In a rare personal television interview, Michael Steinhardt, one of world Jewry’s most philanthropic benefactors and a co-founder of Birthright Israel, expresses scathing criticism of non-Orthodox Jewish life in the Diaspora (though Steinhardt sees himself as anything but an Orthodox Jew).

Zionist youth movements say they face financial ruin

By Cnaan Liphshiz January 8, 2010

World Zionist youth movements are facing a financial crisis which could lead to their imminent collapse, leaders of all major such movements told the Knesset this week in a plea for government intervention.

If this happens, "hundreds of thousands of Jewish youth will lose their only significant link to the State of Israel and to their Jewish identity," a coalition of chairpersons from Habonim Dror, Hashomer Hatzair, World Bnei Akiva, Maccabi World Union and other movements wrote to the Knesset.

Yemen's Jews fear for their lives, yet refuse to make aliyah

By Daniel Edelson January 7, 2010

According to (President of the Israeli Federation of Yemenite Jews Dr. Moshe Nachum), one of the main factors deterring Yemenite Jews from making aliyah is the financial aid provided by members of the Jewish Satmar community in the United State, which is known for its radical stance against Zionism and the State of Israel.

Are the remaining Jews stuck in Yemen?

By Haviv Rettig Gur January 6, 2010

The trickle to Israel is likely to continue, though Jewish Agency officials, including Aliya Department director-general Eli Cohen, remained mum this week on the possibility.

"It makes sense from a security perspective to take them out in a trickle so they don't raise suspicion," said Rickman.

"When we were talking about this [in the US State Department], the fear was that you'd have them all show up at the airport in one day. These people don't look like everybody else in Yemen."

Caught in Strife, Yemen’s Jews Cling Fiercely to Their Ancient Heritage

By Josh Berer January 6, 2010

They are the ones who have stayed when almost all their brethren left, for the most part for Israel. And most remain determined to stay: Yemen is their home, and the thought of having to reinvent themselves in America or Israel is daunting and unappealing to them.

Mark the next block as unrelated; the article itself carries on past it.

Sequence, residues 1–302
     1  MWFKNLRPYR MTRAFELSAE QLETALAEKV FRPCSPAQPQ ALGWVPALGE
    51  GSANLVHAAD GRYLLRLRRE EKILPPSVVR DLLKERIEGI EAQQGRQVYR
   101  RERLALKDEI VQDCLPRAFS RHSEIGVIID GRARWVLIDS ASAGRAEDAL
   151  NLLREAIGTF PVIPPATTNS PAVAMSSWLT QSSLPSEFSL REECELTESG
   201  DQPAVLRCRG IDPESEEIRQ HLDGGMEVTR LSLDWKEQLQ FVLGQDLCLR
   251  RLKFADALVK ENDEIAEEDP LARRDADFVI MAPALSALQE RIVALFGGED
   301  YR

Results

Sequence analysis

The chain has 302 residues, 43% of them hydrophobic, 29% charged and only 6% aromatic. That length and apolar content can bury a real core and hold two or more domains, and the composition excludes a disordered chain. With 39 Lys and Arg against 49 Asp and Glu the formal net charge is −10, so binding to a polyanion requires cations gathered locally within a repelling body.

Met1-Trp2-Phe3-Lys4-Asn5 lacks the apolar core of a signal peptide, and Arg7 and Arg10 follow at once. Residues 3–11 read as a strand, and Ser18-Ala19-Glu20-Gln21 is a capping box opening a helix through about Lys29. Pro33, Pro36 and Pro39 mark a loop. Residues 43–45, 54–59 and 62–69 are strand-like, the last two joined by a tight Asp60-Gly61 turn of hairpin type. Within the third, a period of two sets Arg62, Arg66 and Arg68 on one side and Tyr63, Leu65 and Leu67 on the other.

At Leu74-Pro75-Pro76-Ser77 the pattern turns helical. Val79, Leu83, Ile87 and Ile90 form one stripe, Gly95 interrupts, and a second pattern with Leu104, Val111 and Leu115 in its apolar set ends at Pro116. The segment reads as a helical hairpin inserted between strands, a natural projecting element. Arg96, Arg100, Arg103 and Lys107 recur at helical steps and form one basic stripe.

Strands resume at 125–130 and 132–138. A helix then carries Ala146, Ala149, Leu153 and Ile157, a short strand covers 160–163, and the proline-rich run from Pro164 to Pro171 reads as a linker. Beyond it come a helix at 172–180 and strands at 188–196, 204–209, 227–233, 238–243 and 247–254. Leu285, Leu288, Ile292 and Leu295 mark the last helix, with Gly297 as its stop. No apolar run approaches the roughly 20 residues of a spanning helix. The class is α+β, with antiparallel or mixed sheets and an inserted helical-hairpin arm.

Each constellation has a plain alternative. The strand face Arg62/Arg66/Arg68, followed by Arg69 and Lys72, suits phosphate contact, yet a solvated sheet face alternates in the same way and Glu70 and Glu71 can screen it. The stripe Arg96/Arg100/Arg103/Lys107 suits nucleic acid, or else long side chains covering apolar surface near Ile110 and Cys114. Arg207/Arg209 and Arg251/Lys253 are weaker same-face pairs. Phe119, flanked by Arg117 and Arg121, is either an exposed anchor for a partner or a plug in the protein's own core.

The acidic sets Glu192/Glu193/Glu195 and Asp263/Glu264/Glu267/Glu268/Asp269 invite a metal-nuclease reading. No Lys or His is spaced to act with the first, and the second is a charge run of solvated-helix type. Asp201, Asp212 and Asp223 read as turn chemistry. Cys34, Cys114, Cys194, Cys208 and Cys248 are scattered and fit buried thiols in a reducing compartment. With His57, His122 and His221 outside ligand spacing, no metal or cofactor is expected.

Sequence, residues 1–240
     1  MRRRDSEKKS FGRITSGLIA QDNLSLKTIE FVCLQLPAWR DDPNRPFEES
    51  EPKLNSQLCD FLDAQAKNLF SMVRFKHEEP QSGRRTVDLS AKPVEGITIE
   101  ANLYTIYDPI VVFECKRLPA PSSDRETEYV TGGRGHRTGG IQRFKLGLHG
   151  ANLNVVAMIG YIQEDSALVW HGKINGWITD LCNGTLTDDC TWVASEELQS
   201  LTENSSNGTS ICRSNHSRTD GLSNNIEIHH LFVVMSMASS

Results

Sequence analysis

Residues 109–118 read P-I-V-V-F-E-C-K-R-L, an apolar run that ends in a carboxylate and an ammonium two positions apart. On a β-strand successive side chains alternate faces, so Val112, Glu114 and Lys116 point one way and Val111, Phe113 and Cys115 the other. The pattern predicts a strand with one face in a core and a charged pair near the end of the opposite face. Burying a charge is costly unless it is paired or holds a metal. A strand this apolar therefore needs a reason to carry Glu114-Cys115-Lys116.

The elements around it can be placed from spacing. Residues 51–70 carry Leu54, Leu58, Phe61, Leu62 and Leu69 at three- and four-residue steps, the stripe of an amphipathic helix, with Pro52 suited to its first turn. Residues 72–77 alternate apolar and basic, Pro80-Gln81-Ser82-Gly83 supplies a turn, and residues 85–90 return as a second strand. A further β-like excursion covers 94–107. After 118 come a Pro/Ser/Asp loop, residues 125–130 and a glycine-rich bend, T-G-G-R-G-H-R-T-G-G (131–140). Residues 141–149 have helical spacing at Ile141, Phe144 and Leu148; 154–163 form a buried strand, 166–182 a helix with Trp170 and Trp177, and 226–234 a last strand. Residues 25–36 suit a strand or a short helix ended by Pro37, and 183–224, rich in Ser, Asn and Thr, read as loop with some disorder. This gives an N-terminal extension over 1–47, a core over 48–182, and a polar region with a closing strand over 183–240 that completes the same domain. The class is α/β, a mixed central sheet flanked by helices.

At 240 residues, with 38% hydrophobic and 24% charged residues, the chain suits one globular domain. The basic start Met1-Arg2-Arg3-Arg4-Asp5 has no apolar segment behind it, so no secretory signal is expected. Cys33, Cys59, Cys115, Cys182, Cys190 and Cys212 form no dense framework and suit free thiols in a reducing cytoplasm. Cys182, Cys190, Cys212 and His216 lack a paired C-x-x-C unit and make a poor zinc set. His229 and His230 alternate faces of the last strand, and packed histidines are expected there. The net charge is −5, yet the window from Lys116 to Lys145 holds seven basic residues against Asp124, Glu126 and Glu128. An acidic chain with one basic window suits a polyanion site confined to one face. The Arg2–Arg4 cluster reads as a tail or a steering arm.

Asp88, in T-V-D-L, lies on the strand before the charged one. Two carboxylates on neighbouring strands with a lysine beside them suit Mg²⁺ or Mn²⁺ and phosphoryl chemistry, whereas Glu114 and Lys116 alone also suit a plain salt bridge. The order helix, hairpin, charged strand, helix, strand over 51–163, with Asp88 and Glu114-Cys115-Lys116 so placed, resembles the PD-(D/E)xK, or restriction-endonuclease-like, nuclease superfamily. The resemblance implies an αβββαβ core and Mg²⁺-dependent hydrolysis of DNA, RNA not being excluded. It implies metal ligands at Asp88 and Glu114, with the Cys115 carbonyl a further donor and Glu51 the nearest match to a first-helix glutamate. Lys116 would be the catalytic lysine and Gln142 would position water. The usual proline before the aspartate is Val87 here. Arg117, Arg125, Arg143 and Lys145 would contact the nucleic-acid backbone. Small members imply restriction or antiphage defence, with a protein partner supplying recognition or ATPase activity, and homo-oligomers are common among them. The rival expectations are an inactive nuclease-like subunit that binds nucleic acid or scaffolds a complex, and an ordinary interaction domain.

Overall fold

...In fact, nearly 10 of them have studied in Israel, some for two years or longer, and have chosen to return to Yemen rather than stay in Israel.

Members of Bnei Menashe to make aliyah

By Itamar Eichner January 8, 2010

Some 7,200 members of Bnei Menashe, a group of people hailing from north-eastern India who claim lineage to one of the Lost Tribes of Israel, will make aliyah after converting to Judaism in Nepal.

According to the plan, members of Bnei Menashe will travel to Nepal in groups of 200-300 people and then undergo conversion by teams from the Rabbinical Court who will be sent specially for the task.

After the conversion process is complete, they will be allowed to immigrate to Israel with an immigrant visa. The government estimated that within one to two years, the entire community can be brought to Israel.

Rally: Not authorizing Falashmura aliyah crime against Zionism

By Yael Branovsky January 10, 2010

Some 500 Ethiopian-Israelis demonstrated outside the Prime Minister's Office in Jerusalem on Sunday and demanded that the government approve the aliyah of 8,700 members of the Falashmura denomination.

During the rally, Interior Minister Eli Yishai (Shas) said, "I am determined to lead the struggle and conclude the deliberations by the relevant government offices. We'll have to convince the Treasury, which opposed the (Falashmura aliyah) in the past."